A new drug can kill between 95 and 100% of cancer cells in mice with human estrogen-receptor-positive breast cancer. The study was published in Science Translational Medicine by researchers led by the University of Illinois at Urbana-Champaign.
The newly developed drug is called ErSO and works by binding to estrogen receptors present in a vast majority of breast tumors. After binding to the receptors, it over-activates a pathway called the anticipatory Unfolded Protein Response. This releases an excess of proteins that selectively kill estrogen-receptor-containing breast cancer cells.
In tests with mice, the researchers found that ErSO could kill 99% of human breast cancer cells, as well as their metastases in bone, brain, liver, and lungs within three days. They added that the drug has no effect on cells that lack estrogen receptors and that it doesn't affect healthy cells, even if they have estrogen receptors.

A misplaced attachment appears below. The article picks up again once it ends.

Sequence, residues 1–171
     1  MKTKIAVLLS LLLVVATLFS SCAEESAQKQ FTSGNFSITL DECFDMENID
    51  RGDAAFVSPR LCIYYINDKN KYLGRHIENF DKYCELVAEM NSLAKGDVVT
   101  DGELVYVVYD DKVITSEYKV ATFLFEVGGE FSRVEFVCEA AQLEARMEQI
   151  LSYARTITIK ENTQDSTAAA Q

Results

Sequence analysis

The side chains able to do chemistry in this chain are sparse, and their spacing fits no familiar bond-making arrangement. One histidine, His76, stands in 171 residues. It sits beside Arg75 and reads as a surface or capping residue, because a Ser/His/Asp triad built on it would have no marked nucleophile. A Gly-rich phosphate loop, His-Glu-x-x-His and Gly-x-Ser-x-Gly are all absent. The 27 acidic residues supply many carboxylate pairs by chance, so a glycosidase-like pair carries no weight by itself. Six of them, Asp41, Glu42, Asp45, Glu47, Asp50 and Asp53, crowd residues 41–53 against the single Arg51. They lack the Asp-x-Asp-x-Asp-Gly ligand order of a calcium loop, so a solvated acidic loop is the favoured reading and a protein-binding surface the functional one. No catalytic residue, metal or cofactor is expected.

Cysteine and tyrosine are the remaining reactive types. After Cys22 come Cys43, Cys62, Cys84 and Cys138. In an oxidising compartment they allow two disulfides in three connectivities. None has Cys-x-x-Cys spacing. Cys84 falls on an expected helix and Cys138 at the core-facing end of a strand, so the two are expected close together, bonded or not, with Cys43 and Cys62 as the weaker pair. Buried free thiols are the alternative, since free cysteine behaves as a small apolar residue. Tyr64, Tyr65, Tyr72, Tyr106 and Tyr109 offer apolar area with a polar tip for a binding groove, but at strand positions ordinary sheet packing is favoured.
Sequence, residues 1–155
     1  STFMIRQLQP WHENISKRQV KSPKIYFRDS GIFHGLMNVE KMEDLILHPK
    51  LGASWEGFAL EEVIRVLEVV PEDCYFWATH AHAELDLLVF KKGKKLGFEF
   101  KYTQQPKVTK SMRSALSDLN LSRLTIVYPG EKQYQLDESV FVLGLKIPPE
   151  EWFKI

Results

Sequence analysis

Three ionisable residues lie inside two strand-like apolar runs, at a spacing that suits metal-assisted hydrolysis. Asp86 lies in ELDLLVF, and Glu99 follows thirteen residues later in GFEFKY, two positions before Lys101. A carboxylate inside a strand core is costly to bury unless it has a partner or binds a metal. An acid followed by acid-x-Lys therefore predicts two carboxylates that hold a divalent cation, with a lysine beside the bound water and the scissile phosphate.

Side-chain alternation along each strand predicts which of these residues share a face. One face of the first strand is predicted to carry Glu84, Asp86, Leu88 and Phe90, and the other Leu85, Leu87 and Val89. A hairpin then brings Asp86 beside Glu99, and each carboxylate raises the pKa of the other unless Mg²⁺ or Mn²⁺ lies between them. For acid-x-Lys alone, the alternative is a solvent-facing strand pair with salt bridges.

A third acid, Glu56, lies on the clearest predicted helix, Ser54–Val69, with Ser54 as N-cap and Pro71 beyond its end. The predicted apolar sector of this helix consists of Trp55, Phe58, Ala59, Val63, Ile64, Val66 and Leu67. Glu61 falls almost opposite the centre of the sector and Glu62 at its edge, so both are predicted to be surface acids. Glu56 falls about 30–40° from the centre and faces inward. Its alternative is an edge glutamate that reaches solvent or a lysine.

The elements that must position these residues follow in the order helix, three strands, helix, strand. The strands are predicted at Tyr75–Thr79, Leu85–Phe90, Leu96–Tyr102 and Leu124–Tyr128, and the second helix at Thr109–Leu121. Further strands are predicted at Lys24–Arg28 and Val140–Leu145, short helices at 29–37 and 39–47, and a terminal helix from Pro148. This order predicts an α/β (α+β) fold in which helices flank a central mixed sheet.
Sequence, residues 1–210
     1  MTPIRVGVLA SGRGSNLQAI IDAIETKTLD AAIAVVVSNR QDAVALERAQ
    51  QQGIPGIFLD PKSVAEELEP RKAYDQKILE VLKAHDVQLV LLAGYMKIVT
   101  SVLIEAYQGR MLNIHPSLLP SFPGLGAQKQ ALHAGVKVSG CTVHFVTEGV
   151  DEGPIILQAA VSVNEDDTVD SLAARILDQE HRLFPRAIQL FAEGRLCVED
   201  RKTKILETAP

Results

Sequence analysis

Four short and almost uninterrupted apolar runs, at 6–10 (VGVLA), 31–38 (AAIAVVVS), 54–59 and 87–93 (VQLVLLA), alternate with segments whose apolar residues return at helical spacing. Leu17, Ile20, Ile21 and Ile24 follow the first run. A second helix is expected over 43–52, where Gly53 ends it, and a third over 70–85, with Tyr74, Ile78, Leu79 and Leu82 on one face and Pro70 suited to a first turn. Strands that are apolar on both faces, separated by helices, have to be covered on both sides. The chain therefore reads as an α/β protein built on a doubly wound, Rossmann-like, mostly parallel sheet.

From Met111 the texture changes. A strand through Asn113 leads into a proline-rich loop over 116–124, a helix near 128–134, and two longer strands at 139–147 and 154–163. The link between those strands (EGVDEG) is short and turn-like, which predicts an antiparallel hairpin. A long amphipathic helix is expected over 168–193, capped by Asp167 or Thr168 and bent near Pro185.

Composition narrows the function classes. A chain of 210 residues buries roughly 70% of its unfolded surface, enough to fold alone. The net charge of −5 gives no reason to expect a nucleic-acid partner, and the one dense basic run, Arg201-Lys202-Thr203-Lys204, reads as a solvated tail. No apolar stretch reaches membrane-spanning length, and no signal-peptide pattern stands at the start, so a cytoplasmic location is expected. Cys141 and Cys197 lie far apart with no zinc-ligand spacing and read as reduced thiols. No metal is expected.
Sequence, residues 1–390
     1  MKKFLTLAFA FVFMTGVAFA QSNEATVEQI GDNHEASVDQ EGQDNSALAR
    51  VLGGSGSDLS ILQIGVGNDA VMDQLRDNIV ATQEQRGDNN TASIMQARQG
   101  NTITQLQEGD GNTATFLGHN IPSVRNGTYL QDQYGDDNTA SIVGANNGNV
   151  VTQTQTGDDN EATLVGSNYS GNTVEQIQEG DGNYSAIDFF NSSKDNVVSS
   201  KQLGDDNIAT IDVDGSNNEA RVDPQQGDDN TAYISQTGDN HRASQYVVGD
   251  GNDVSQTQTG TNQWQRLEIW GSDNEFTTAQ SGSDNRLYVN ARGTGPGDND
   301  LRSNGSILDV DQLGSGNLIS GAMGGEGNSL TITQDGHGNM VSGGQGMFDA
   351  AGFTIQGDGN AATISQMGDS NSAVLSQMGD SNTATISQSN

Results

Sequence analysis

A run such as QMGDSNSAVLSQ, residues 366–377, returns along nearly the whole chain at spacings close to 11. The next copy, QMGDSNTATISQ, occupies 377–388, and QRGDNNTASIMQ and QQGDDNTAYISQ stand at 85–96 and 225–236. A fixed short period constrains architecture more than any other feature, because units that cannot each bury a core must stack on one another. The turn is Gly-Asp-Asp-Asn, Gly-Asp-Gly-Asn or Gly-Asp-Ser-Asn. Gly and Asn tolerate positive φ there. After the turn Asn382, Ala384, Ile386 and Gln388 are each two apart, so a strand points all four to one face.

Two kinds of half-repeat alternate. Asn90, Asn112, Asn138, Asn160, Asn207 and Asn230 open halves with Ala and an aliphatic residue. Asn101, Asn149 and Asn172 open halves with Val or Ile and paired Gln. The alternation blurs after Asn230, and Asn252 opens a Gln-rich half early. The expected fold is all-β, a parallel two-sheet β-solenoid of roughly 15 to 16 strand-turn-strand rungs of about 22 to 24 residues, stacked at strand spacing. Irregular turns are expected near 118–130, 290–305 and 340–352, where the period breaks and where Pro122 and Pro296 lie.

This may explain why the drug had no detectable side effects in mice. The researchers also noted that the drug was well tolerated in rats and dogs, too, even at much higher doses than necessary for therapeutic efficacy.
"Even when a few breast cancer cells do survive, enabling tumors to regrow over several months, the tumors that regrow remain completely sensitive to retreatment with ErSO," said David Shapiro, lead author of the research.
"It is striking that ErSO caused the rapid destruction of most lung, bone and liver metastases and dramatic shrinkage of brain metastases, since tumors that have spread to other sites in the body are responsible for most breast cancer deaths."
As around 75% of breast cancers are estrogen-receptive positive, the new drug may one day be able to treat the most common form of breast cancer. The researchers added that as ErSO doesn't require many estrogen receptors to work, it may additionally work against breast cancers that are not estrogen-receptive positive.
The pharmaceutical company Bayer AG will soon start the process to enter ErSO in human clinical trials for estrogen-receptor-positive breast cancers. In the meantime, the researchers will investigate whether the drug could work against other kinds of cancers that contain estrogen receptors.